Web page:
The stock of Nucor Corporation (NUE 4.44%), one of the largest steel mills in the United States, has fallen hard lately. Down more than 55% from its early 2018 highs, investors have an opportunity to add a great company to their portfolio at a pretty good price. Here are five charts that show the value that Mr. Market is offering up for those intrepid enough to invest when others are fearful.
1. The opportunity is unique
Nucor operates in the cyclical steel industry, which tends to track along with the U.S. economy's ups and downs. The company's financial performance, as you would expect, swings from strong in times of economic expansion to weak during recessionary periods. It's just how things go for Nucor and its primary domestic peers United States Steel (X 3.83%) and Steel Dynamics (STLD 4.45%).
This dynamic, however, can make it hard to figure out the best time to buy Nucor just by looking at its top and bottom lines. Since big earnings aren't likely to stick around, they can give a misleading view of the company's full cycle potential. If you buy when earnings are high, you could end up overpaying at precisely the moment when earnings are about to head lower. That's why you might want to look at a different valuation yardstick: In this instance, Nucor's dividend yield can offer a worthwhile view into valuation.
As the chart above shows, Nucor's over 5% yield hasn't been as high as it is today since the last recession. That suggests investors are taking a dim view of the future here, even though Nucor is one of the best run steel makers in the country, if not the world. Now is a good time to take a closer look for investors with a contrarian bent.
2. A survivor
Before getting into deeper detail, it's worth looking at Nucor's bottom line. There are more compelling reasons to select Nucor over any of its peers, but the company's earnings per share history is enlightening when you consider it operates in a highly cyclical industry. As the chart below shows, Nucor has lost money in just one year over the past 30 years or so (just following the deep 2007-to-2009 housing-led downturn that was so bad it's been called "the Great Recession").
There's no way to tell what will happen with earnings in the future, but this is a clear sign of the company's strength as a business. Note, too, that the dividend has been increased for 47 consecutive years. That's not a record you achieve by accident and puts the company in rare company, along with iconic names like Coca-Cola and Procter & Gamble. Nucor knows how to ride the cyclical waves and still reward shareholders along the way.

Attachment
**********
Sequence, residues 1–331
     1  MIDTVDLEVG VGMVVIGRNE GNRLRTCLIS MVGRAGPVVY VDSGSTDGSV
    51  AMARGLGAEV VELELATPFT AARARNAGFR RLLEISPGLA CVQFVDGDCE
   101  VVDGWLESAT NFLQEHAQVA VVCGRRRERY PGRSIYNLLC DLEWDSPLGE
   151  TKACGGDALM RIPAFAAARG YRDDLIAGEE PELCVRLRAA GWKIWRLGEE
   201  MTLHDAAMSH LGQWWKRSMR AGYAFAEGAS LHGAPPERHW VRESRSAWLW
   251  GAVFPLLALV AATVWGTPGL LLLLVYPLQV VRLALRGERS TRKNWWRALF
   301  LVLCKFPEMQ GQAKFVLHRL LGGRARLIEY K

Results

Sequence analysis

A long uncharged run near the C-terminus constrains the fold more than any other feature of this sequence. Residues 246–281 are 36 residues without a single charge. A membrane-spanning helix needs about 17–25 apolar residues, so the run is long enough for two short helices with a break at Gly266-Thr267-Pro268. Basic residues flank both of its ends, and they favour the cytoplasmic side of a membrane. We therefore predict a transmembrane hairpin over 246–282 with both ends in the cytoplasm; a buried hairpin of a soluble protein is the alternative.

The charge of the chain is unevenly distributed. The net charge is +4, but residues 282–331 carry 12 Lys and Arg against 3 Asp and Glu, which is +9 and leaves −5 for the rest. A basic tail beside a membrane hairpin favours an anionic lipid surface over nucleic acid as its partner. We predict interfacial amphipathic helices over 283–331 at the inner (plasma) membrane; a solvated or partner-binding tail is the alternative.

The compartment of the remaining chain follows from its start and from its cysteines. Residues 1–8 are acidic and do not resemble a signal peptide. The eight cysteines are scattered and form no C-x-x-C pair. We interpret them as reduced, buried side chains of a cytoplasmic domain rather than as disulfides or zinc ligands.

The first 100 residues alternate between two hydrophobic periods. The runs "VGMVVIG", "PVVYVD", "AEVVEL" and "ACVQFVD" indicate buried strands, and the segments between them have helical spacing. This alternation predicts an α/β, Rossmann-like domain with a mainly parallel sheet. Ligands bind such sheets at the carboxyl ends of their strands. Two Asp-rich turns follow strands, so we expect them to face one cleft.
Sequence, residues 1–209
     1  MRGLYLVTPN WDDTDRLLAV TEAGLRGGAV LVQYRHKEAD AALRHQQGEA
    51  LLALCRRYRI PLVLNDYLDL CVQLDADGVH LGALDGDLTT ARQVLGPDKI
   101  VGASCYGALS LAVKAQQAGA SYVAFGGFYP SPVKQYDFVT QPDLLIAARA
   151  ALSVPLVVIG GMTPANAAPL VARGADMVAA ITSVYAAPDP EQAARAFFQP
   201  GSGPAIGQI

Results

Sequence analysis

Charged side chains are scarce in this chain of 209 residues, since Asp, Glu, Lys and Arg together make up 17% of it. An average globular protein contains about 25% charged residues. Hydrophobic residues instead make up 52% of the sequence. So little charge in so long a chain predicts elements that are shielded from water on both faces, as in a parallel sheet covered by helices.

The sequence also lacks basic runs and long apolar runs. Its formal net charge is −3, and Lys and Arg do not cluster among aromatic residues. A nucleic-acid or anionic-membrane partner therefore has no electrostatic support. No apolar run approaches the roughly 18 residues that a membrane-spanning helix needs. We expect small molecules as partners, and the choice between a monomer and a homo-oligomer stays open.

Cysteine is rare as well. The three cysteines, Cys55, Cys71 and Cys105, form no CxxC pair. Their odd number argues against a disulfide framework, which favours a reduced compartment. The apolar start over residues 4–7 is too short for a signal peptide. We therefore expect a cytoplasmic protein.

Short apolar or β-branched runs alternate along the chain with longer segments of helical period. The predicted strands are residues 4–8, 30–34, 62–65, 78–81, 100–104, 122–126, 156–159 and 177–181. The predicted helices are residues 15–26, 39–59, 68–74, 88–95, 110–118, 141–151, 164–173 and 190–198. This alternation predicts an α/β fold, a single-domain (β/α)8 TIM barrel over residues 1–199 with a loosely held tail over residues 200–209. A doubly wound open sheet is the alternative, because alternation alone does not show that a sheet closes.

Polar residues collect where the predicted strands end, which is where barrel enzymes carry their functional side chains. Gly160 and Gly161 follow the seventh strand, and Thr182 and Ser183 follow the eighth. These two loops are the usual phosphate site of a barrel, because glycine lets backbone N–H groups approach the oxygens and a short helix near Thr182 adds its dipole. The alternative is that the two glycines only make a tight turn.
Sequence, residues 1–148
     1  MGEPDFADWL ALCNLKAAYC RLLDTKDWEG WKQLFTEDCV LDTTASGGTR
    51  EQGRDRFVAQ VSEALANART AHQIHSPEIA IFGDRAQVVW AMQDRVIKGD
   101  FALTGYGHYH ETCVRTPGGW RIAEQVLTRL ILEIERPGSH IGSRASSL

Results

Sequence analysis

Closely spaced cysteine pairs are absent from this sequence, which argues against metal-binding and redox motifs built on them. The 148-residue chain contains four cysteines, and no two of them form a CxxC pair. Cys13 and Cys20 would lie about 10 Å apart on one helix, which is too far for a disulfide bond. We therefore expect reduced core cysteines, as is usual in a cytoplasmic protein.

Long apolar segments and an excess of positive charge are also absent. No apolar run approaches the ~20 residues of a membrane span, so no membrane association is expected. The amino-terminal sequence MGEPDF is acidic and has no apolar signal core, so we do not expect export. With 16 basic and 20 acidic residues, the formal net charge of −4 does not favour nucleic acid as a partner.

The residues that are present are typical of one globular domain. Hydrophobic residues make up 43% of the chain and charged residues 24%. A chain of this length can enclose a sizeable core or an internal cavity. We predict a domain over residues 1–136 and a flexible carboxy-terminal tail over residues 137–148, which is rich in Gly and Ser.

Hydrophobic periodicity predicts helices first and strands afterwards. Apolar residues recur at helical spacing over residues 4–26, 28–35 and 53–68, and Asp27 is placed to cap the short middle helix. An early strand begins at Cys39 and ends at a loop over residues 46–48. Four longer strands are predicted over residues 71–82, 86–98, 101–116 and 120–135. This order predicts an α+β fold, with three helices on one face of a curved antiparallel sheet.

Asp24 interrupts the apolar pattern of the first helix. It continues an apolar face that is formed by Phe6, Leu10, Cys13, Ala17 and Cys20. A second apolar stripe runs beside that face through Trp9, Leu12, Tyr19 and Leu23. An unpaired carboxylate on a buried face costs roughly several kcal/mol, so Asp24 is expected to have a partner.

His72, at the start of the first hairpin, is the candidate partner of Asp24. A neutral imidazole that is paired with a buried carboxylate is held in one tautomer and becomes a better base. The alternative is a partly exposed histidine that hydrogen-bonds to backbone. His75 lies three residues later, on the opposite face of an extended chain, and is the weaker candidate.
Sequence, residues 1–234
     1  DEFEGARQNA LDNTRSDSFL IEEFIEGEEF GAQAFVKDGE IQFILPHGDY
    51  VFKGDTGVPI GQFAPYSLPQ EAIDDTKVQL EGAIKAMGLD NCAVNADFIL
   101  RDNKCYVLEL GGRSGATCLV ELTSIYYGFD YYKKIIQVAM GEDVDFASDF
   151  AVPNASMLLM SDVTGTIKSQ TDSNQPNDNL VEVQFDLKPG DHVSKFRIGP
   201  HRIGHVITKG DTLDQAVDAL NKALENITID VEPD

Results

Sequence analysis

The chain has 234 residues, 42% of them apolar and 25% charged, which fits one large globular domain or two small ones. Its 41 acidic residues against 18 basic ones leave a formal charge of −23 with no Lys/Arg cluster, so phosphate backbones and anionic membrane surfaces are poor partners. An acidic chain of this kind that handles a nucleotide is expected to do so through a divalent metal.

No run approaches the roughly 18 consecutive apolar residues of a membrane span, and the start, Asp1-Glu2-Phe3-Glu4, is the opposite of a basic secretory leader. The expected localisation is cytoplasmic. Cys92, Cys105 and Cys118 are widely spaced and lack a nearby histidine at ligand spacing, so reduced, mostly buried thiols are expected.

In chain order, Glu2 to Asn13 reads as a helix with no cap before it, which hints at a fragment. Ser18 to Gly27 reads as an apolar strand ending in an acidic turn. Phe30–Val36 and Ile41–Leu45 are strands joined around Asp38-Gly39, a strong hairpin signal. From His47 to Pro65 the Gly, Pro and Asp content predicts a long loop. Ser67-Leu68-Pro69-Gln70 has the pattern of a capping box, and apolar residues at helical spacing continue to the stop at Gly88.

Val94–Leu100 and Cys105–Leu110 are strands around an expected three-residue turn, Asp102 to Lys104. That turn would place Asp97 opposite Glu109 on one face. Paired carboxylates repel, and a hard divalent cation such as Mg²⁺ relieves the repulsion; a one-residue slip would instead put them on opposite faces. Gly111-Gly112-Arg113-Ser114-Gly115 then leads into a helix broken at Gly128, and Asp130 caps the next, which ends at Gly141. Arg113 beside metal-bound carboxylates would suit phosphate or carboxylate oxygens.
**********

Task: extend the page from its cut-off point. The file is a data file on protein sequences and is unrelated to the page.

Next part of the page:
3. A modest level of debt
One of the keys to Nucor's long-term success is that management is fiscally conservative. Put a different way, the company's balance sheet is rock-solid and management wants to keep it like that. There are multiple ways to look at this, but the key is to compare Nucor to its peers.
Nucor's financial debt to equity ratio of 0.25 times is lower than that of any of its closest competitors. It's worth noting that AK Steel, a big U.S. steelmaker that has been struggling for years under the weight of a weak balance sheet, is missing from this list. It was recently bought by Cleveland-Cliffs, which essentially provided a financial lifeline to one of its largest and most financially troubled customers. All in all, though, the picture is pretty clear -- when it comes to financial strength, Nucor is top-notch.
4. Carrying the weight
Having looked at earnings and the balance sheet, it might be worth a look at how the two intersect. One of the best ways to do that is seeing how well a company covers its interest expenses. Called "times interest earned", this ratio helps to show if debt, low or high, is an overwhelming burden on earnings.
Clearly, Nucor fell short of covering its interest costs when its top line dipped into the red for one year. But other than that single year, its times interest earned ratio has trended well above those of its closest peers. Most recently its nearly-16-times interest coverage is roughly twice that of runner up Steel Dynamics (which was founded by former Nucor employees, by the way). Earnings have been pretty good lately, so times interest earned is likely to fall from here. But Nucor's position at the top of the industry on this metric isn't likely to change.
5. Doing things better
Being fiscally conservative isn't enough to lead to good results, but it helps. There's one more vitally important factor to consider here: Nucor also runs a great business. There's a number of metrics to look at, but two will suffice: operating margin and EBITDA margin. Nucor is usually near the top on both of these metrics, which effectively tells you how well it runs its business.
One interesting fact is that Nucor has a unique pay structure in the steel space. Employee paychecks are basically made of two parts, base pay and profit sharing. During good times Nucor's employees can make higher-than-industry-average wages because of the profit-sharing component, which the company is happy to pay because it is doing well. However, when times get tough, employees feel the pain along with Nucor, giving the steel giant a break when it most needs to conserve cash. It's like a built-in safety valve for one of the company's biggest expenses (its people).
Time for a deep dive
There's more to understand about Nucor than these five charts show, of course. For example, management has a habit of investing during downturns so it can come out the other side a stronger company. It has big spending plans today that investors need to get their heads around.
But the investment picture should be pretty clear: Nucor looks historically cheap, and that could provide a buying window for long-term investors looking to opportunistically add an industry-leading, and high-yield, company to their portfolios. If that sounds like you, then Nucor is worth a closer look today.